Mikael downed the last shot of whiskey and made a hiss through his teeth. The empty plate before him stunk of what used to be near-raw steak from an underfed cow, poorly cooked and coated with nothing but a thin layer of oil.
The bartender came up to him, flipping on the air filter after coughing once or twice. The bar had begun to fill with dust again. The fallouts were always bad this time of year. “That’s your meal, slim. Time to pay up.”
Tired and sore, the man was dissatisfied with shitty food, but he still shelled out the three 9mm bullets onto the bar and tipped his hat. “Before I go, gent, mind if I could have some of your delightful bread back there? You knowâ€¦ for the road?”
Snatching up the bullets before the other ruffians at the bar got greedy, the greasy bartender sneered and went into the back, leaving Mikael out there all by his lonesome with a bar full of semi-empty guns.
Mikael was smart, though. Smarter than these guys anyway. He could feel the glares on his back and he knew they all wanted a piece of that ammo he’d brought in. Few people afforded Guss’ Steak and a shot of whiskey, let alone a block of carbo-bread for the road.
He began licking the edge of the shot glass and glancing around him for available exits. The fellow to his left, who was nursing a well paid-for beverage, smirked when their eyes met.
“Something on your mind?” Mikael asked.
The old fellow tipped his hat to the stranger and spoke up, “Just fancying your choice of payment, son. Was wonderin’ if I might offer you a deal.”
“Yeah? Well hurry up, my bread’ll be done compressin’ soon enough.”
With a rub of his chin the old fellow leaned over, “I gots me a skimmer outside; beautiful as can be and runs great. You’d be able to get by a ride from here to Union City on just three, maybe four of them there bullets you’re packin’.”
“Aw shucks. For you? I’ll let it go for ehâ€¦” The guy hesitated and Mikael knew he was going to try and skim him before he spoke up. “Four 12 gauge slugs and that there knife on your boot.”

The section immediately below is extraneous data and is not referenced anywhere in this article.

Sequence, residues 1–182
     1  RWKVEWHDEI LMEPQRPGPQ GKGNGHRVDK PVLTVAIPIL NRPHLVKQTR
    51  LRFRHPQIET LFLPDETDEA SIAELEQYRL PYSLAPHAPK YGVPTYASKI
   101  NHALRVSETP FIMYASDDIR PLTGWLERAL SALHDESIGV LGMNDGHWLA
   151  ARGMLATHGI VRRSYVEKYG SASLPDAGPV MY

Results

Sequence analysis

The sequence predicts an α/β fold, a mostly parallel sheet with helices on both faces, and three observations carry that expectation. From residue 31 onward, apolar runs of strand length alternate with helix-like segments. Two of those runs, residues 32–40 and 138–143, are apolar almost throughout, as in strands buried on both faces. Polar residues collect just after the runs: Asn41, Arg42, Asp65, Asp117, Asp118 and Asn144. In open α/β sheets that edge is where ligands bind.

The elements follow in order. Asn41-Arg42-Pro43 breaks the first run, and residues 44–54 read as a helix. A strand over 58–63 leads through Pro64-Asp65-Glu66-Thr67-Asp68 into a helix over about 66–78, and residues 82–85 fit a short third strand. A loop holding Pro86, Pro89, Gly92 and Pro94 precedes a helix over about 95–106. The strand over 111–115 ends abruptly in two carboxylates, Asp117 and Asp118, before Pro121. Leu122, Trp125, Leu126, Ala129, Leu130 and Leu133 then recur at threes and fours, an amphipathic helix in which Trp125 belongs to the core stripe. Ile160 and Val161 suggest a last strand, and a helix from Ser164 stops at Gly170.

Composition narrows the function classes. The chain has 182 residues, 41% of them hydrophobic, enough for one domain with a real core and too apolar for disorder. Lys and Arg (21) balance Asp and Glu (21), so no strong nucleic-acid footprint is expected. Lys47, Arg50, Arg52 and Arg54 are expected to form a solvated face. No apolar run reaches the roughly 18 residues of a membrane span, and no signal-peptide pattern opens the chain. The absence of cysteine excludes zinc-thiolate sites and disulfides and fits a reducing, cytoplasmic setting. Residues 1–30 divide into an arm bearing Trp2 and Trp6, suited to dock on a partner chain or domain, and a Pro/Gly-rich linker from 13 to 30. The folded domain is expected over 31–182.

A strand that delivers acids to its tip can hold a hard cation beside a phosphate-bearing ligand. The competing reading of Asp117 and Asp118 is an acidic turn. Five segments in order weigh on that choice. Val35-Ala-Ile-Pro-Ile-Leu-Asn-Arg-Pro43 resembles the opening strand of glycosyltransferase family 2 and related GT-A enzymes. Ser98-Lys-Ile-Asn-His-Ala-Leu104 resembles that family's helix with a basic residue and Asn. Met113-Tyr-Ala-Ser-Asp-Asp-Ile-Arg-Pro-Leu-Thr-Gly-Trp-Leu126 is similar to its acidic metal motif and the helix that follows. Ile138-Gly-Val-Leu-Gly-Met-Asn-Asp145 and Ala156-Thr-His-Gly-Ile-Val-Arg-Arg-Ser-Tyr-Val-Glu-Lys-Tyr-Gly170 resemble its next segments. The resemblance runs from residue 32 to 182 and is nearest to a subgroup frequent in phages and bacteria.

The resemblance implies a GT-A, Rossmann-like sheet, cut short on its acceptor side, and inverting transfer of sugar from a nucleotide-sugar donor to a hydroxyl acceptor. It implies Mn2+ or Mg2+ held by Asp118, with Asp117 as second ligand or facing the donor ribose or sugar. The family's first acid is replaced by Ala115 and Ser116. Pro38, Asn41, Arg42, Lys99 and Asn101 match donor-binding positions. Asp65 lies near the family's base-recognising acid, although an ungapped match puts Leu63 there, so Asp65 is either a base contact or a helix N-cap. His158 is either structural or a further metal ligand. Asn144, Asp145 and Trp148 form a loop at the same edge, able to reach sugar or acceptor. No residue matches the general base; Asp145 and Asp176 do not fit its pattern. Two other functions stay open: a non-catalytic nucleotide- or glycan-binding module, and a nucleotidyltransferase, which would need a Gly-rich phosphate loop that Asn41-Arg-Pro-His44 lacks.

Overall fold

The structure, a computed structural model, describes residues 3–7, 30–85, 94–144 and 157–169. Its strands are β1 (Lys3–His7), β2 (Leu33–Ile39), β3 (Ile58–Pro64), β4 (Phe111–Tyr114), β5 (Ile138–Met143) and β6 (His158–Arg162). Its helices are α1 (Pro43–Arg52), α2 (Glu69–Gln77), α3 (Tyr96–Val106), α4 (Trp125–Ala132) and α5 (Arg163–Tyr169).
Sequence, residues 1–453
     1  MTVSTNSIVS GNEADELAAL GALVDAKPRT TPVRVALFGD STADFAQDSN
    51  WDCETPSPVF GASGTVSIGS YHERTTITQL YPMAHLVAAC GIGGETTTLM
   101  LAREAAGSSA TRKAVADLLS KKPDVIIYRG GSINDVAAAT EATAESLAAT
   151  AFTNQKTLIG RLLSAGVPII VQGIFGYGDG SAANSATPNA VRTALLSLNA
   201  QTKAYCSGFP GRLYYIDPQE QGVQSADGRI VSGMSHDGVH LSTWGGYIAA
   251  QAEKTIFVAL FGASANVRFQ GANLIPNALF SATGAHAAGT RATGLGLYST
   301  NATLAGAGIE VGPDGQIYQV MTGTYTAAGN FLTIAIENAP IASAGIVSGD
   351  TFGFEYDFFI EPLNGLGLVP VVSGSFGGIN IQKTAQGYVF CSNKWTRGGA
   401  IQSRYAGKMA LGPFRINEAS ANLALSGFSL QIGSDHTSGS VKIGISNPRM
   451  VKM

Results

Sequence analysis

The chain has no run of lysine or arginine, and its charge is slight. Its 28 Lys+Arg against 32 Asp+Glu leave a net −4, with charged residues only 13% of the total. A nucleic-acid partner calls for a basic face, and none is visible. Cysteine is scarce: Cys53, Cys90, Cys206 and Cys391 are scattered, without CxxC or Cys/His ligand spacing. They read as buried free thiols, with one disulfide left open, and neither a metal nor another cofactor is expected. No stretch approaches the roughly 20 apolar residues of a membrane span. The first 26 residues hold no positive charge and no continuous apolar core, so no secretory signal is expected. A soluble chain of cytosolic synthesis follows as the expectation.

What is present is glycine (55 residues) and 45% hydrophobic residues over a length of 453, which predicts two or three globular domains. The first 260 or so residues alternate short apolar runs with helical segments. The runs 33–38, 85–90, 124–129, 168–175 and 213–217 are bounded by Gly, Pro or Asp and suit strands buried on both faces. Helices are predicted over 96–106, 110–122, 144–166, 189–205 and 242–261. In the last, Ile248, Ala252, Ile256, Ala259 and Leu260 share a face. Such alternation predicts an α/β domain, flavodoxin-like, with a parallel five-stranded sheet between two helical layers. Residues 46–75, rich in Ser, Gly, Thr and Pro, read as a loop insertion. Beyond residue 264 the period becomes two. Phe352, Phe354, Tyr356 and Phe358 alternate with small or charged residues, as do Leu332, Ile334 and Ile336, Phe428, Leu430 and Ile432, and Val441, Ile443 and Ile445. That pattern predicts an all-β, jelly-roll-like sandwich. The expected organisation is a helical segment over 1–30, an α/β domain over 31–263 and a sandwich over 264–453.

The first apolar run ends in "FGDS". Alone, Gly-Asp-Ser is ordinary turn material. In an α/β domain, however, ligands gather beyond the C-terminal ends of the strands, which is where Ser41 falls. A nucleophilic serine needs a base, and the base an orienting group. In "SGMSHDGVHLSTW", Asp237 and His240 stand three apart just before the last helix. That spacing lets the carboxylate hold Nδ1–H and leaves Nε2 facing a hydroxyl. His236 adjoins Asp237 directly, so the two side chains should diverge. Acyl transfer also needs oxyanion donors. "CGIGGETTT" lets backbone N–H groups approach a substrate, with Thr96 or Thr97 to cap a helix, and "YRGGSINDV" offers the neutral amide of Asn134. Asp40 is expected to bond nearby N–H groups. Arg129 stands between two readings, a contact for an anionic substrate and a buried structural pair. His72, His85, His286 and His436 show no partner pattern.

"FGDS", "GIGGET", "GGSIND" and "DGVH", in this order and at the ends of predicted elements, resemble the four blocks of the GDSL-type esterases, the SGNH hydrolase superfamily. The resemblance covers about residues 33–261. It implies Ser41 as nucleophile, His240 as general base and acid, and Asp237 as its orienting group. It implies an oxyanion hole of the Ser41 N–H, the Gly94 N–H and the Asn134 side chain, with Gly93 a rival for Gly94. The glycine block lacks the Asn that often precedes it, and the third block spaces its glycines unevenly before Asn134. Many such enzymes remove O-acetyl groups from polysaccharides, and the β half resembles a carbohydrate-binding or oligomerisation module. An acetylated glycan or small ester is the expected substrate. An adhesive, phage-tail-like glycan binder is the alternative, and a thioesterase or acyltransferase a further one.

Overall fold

The scoff from Mikael as the bartender came out with his bread was enough to let the guy know he wasn’t falling for it. “No thanks, mister.” He dropped a shell on the bar and nodded to the tender as he snatched up his bread. “Keep the change.”
At night, the wind howled over the tent like an angry djinn, forcing its sandy fingers through tears and clumsy folds. “Tonight is the Aisra’s,” they’d whisper in nearby towns as the wind fought to erode the frictionless forcewalls, but if the Aisra caused the storm it was indifferent to it, curled drowsily upon a succulent-floss pillow as its tail flicked in response. There were no pilgrims on nights like this, but Saika tended to the candle as if the sky were clear and the dunes carved sharply by moonlight. Even an unseen compass knows how to find the north. As she was taught as a young child, she left the tent four times an hour, scarf pulled tight against the endless and violent desert. Always, the flame burned in its glass case, leading strangers to their unexpected home.
In the moments between her duties, Saika stroked the sacred creature, her fingers brushing lightly against the softest fur. Legend said that the Aisra wove the dreams of the people, that it carried nightmares away from children and released them into the swirling sand. Saika was the Aisrakeeper, and by extension, a silent monk. The tent was always silent: words weren’t of the dream world, and they would distract the Aisra from her duties. When people came to worship, they said nothing as they kneeled before the small creature and asked to be protected from dreams. The desert caused dreams. The light-years between the colonists and their ancestral home causes dreams.
Tonight is the Aisra’s, Saika thought as her fingers pressed gently into the back of the creature. Keep dreaming, she told it. Let the desert carry it away.
The people here smelled nice, Guss thought, dragging the huge tub behind him through the grass towards the receptacle. Everything was fragrant in that sort of way that made you think it was all genuine. Heâ€™d never known what a â€˜realâ€™ smell was like. Heâ€™d worked artificially since the day he could crawl.